My First Lab of the Year

measuring volume and mass of water

This was my first week of classes. It is the beginning of the 30th year that I have been a high school teacher and the 28th straight year I have been in the same physical classroom. Shockingly, all of those in the same school (yes I meant it to sound that way). In a previous post I wrote about the demonstration that I use on my first day of class called the Ira Remsen Demonstration. This time I would like to describe the first lab that I do every year with my chemistry students. It is a short and simple lab and maybe that is why it works so well for me. We seem to always get stuck with short periods our first week and I need to plan shorter than usual lessons. I also like that this lab gives the students a chance to go around the room and meet each other.

My first experiment involves measuring the density of water. Each group of two kids is assigned a specific volume of water from 10 to 100 mLs on the tens. They simply measure the mass of an empty graduated cylinder and then add the water and find the mass again. Once they have their data they go around the room and find another group that has one of the volumes that they need and get the data from them and record their names. Once complete they generate a graph of the data and answer a few simple questions. The whole procedure can be completed in about 20 minutes.

Now while this seems very simple there are several facets I want to point out. One is that we have an influx of new 9th and 10th grade students each year. We are a magnet and do not have a specific feeder school and it allows for the newer students to meet new people. It also does not require any specific previous skills. We introduce the balance, graduated cylinder, units for measurements, density calculations, and graphing in a very short period of time. Finally it is a relatively easy lab for students to make up if they check in late.

I do not believe that this is an original idea in any way but I am very happy with the way I have worked it up and how it serves me as an early lab.


This activity serves to introduce the balance, graduated cylinder, units for measurements, density calculations, and graphing

Procedure time: 
15 minutes
Prep time: 
10 minutes
Time required: 

10 minutes prep

20 minutes classtime


assorted sizes of graduated cylinders 10mL to 100mL (1 per group)



beakers of water


  1. Find the mass of an empty and dry graduated cylinder using a balance. Never try to dry the inside with a paper towel. It will just get stuck inside of it and leave small pieces of paper behind. Only dry the outside if it is wet.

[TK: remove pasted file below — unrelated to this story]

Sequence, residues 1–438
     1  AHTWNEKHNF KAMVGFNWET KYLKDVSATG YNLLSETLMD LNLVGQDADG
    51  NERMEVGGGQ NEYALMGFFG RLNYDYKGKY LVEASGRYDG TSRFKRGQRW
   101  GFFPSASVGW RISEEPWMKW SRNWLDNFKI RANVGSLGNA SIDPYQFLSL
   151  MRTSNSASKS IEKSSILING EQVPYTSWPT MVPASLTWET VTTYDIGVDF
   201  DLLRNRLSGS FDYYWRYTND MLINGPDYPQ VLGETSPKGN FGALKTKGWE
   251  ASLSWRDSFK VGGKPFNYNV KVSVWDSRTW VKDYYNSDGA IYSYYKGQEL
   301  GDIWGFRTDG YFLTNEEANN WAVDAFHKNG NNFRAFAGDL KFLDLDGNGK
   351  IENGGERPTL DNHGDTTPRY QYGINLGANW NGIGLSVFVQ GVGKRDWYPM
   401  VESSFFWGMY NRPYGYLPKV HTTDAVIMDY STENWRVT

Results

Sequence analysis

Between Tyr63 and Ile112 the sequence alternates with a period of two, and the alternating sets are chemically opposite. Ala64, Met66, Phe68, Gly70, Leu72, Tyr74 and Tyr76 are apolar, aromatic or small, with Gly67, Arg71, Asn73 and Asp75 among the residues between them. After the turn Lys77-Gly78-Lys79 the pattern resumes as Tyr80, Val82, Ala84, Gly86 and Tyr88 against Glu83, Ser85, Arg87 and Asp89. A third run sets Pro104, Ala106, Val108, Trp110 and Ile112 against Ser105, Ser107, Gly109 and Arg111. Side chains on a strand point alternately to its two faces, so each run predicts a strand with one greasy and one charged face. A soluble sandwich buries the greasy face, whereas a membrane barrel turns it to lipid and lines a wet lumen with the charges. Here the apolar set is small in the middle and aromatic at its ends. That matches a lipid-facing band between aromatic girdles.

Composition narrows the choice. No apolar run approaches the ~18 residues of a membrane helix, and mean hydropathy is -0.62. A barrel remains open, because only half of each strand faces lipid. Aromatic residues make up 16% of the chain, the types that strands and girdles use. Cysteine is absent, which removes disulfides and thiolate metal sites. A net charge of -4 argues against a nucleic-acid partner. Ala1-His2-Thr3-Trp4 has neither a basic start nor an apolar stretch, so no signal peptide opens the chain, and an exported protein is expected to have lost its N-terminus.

2. Fill it with the volume of water assigned to your group. Make sure the bottom of the meniscus is touching the correct line on the cylinder.
  3. Find the mass of the cylinder and water using a balance.
  4. Calculate the mass of the water alone. It will be the difference between the mass of the empty cylinder and the mass of the cylinder plus water.
  5. Clean up. Walk around the room and get data from other groups to fill in table 2 below.
  6. Answer the questions and make the graph. 

1. Construct a graph of mass (y axis) versus volume (x axis) for the data in table 2. Label the axes(mass and volume not x and y), title the graph, include units, and draw the line as smoothly as possible. Use a computer to generate the graph. It should fill the entire page. Staple it to this page.

2. What is the accepted value for the density of water at room temperature?

3. What physical quantity does the slope of the line on your graph represent?

4. What are the units for the slope of your line?

5. Select one possible source of error and tell how it would change your data. Would your value for the density be higher or lower? Explain with a sample calculation 


Set out balances, graduated cylinders, beakers of water and pipettes


I do not believe that this is an original idea in any way but I am very happy with the way I have worked it up and how it serves me as an early lab.


General Safety

For Laboratory Work: Please refer to the ACS Guidelines for Chemical Laboratory Safety in Secondary Schools (2016).  

For Demonstrations: Please refer to the ACS Division of Chemical Education Safety Guidelines for Chemical Demonstrations.

Other Safety resources

RAMP: Recognize hazards; Assess the risks of hazards; Minimize the risks of hazards; Prepare for emergencies


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Comments 2

Eric Sullenberger | Wed, 09/06/2017 - 08:48

I've been dissatisfied with how I start the year in my general science (8th grade) and physical science (9th grade) classes and have been trying to incorperate more short, simple labs into my curriculum.  I decided to try this activity paired with another on a double-period lab day, and ended up having the most productive discussion I've ever had with freshmen about measurements, rounding, precision, accuracy, graphing, line of best fit, etc. that I have ever had.  The activity took only about 20-30 minutes as you said, but with one of my two classes we had a LONG 40 minute dicussion afterwards and ended up not doing the second activity because this conversation was so productive.  I love how simple it was and how well it engaged a thoughtful discussion.  Thanks again.

Bill Jorden | Fri, 09/08/2017 - 10:19

We do something similar to this when discussing precision and accuracy.  Students are asked to measure 50 mL of water in a beaker, in a graduated cylinder, and dispensed from a buret.  They find the masses of these volumes of water and calculate the density. They repeat their work 3 times with each container.

Using these results, students can discuss the precision of their measurements as well as the accuracy and precision of each container.